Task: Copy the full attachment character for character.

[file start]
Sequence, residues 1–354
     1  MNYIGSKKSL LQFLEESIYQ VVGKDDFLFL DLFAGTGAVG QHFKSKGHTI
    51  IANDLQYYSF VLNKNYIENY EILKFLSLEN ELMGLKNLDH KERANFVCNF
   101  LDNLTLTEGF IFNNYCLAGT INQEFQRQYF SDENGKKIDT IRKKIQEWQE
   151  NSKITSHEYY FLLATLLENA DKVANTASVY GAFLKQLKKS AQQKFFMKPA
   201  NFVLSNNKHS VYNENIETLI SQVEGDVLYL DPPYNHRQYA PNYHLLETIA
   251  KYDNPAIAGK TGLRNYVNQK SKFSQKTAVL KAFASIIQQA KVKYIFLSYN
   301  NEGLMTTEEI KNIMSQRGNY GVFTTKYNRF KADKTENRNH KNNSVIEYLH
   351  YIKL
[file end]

Sequence, residues 1–354
     1  MNYIGSKKSL LQFLEESIYQ VVGKDDFLFL DLFAGTGAVG QHFKSKGHTI
    51  IANDLQYYSF VLNKNYIENY EILKFLSLEN ELMGLKNLDH KERANFVCNF
   101  LDNLTLTEGF IFNNYCLAGT INQEFQRQYF SDENGKKIDT IRKKIQEWQE
   151  NSKITSHEYY FLLATLLENA DKVANTASVY GAFLKQLKKS AQQKFFMKPA
   201  NFVLSNNKHS VYNENIETLI SQVEGDVLYL DPPYNHRQYA PNYHLLETIA
   251  KYDNPAIAGK TGLRNYVNQK SKFSQKTAVL KAFASIIQQA KVKYIFLSYN
   301  NEGLMTTEEI KNIMSQRGNY GVFTTKYNRF KADKTENRNH KNNSVIEYLH
   351  YIKL